As the arteries carrying blood to the baby are affected, it can cause the baby to receive inadequate blood and oxygen and fewer nutrients.
This can lead to slow growth known as fetal growth restriction, low birth weight or preterm birth – and the baby may be delivered early to save the lives of the baby and mother.
Preeclampsia is responsible for severe complications for the mother, including seizures, stroke, kidney failure and liver dysfunction.
The condition also increases a woman’s risk for cardiovascular disease later in life stroke and high blood pressure.
WHAT IS PRE-ECLAMPSIA?
Pre-eclampsia is a pregnancy complication that causes high blood pressure, which can be deadly for both a woman and her unborn baby if untreated.
It usually begins after 20 weeks of pregnancy in women whose blood pressure is typically normal.
The most effective treatment is an early delivery; usually via C-section.
However, this may not be best for the baby if it is early on in the pregnancy.
Pre-eclampsia affects about 25,000 women in England and Wales each year, and four per cent of pregnancies in the US.
It can have no symptoms if it develops gradually rather than coming on suddenly.
A blood pressure reading above 140/90 millimeters of mercury (mm Hg) on two occasions is usually the first sign.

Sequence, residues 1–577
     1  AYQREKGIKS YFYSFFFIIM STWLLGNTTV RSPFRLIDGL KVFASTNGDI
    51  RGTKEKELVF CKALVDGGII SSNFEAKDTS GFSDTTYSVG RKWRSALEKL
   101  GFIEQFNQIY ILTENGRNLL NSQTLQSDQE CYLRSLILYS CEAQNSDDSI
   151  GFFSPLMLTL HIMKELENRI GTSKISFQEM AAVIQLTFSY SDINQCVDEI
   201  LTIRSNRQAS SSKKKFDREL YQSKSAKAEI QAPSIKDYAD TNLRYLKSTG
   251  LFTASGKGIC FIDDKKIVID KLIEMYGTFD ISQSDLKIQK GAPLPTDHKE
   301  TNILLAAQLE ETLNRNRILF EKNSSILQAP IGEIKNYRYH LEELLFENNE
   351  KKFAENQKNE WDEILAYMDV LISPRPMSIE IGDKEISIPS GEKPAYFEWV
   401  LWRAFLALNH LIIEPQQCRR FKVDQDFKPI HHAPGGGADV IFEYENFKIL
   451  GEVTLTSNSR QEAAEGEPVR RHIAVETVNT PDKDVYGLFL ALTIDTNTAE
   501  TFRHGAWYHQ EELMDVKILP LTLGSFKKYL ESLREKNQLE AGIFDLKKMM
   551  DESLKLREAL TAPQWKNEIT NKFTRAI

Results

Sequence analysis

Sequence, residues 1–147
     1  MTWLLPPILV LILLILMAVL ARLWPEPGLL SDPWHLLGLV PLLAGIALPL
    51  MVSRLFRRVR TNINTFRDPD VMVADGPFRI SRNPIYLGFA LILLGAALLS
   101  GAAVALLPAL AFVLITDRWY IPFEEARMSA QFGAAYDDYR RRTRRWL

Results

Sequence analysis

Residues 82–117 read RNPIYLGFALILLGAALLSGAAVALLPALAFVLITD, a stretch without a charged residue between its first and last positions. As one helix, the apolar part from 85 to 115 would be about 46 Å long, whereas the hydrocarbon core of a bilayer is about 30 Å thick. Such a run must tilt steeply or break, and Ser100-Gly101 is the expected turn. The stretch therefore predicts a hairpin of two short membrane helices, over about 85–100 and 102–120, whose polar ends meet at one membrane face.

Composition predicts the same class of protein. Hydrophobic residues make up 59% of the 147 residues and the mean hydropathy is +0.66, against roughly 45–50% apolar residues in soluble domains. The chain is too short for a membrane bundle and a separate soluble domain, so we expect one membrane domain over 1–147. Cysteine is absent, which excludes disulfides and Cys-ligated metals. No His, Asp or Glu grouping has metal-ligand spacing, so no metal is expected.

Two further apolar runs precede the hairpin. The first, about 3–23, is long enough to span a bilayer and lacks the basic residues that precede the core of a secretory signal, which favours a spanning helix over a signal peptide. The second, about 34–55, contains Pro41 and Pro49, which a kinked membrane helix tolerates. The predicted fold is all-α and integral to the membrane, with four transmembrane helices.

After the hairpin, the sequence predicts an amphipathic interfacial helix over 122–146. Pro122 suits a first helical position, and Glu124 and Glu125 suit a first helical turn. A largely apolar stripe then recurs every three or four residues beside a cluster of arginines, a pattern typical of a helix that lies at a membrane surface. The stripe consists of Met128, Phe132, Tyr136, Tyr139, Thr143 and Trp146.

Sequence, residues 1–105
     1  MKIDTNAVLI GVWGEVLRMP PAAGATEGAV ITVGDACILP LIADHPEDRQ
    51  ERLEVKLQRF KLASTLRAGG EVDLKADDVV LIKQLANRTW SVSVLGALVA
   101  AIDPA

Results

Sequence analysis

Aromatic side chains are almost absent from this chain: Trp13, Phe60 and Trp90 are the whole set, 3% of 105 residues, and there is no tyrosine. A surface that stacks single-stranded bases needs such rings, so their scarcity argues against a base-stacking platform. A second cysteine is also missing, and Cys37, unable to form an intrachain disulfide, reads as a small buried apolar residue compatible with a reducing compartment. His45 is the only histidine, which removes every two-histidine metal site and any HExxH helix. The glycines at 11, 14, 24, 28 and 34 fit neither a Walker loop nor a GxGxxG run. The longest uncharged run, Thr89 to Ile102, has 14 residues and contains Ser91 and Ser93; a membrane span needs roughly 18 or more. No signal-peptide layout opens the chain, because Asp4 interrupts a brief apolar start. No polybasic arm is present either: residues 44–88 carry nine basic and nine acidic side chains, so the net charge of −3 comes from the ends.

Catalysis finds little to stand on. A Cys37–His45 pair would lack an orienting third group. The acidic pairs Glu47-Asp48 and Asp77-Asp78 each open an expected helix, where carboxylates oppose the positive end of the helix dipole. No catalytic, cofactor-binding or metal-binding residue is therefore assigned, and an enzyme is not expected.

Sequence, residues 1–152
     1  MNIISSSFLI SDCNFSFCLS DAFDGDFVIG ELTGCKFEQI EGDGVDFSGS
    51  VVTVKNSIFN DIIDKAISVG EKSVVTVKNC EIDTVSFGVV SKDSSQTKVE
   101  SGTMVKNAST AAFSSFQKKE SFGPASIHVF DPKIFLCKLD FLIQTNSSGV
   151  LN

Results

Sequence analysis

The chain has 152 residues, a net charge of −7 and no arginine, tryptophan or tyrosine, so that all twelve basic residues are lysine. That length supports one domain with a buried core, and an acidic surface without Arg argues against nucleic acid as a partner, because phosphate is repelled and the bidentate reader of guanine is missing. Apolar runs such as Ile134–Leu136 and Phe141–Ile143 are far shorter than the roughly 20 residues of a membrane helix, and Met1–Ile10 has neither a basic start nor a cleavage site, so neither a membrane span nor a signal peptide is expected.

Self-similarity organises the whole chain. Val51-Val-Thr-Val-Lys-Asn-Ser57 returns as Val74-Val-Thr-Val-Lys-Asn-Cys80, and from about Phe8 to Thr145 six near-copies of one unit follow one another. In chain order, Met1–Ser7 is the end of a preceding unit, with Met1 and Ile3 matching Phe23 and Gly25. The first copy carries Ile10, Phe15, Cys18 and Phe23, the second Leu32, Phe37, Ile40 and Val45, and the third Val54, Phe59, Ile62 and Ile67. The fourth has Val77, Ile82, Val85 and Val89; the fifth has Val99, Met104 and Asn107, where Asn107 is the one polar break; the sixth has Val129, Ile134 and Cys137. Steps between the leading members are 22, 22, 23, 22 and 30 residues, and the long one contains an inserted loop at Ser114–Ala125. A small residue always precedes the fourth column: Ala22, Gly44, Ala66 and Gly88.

Other symptoms may include:
- Severe headaches
- Blurred vision, temporary loss of sight or light sensitivity
- Upper abdominal pain, particularly under the ribs on the right side
- Nausea or vomiting
- Reduced urination
- Shortness of breath due to a build up of fluid in the lungs
Sudden weight gain, and swelling in the face and hands, are also symptoms, however, these can occur during normal pregnancies.
Pre-eclampsia is thought to begin in the placenta when its blood vessels narrow and do not react to hormones properly.
This reduces the amount of blood that flows through them.
Its underlying cause may be genetic, due to a problem with a woman’s immune system or existing blood vessel damage.
A woman is more at risk if she, or a member of her family, suffered from pre-eclampsia before.
The risk is also highest during the first pregnancy, and if a woman is over 40; obese; black; having a multiple birth, like twins; or conceived via IVF.
Existing medical conditions like high blood pressure, diabetes, migraines and kidney disease also raise the risk.
If untreated, pre-eclampsia can restrict a baby’s growth or cause it to be delivered early.
The placenta can also separate from the uterus wall, which can lead to severe bleeding.
A woman may also suffer seizures, organ damage and even heart disease as a result of untreated pre-eclampsia.
Although treatment is usually inducing labour, if it is too early to deliver the baby, medications may be prescribed to lower a woman’s blood pressure.
There is no clear advice on how to prevent pre-eclampsia, however, research suggests taking a low-dose of aspirin and calcium supplements may help.
Pregnant women should talk to their doctor before taking any drugs or supplements.
Source: Mayo Clinic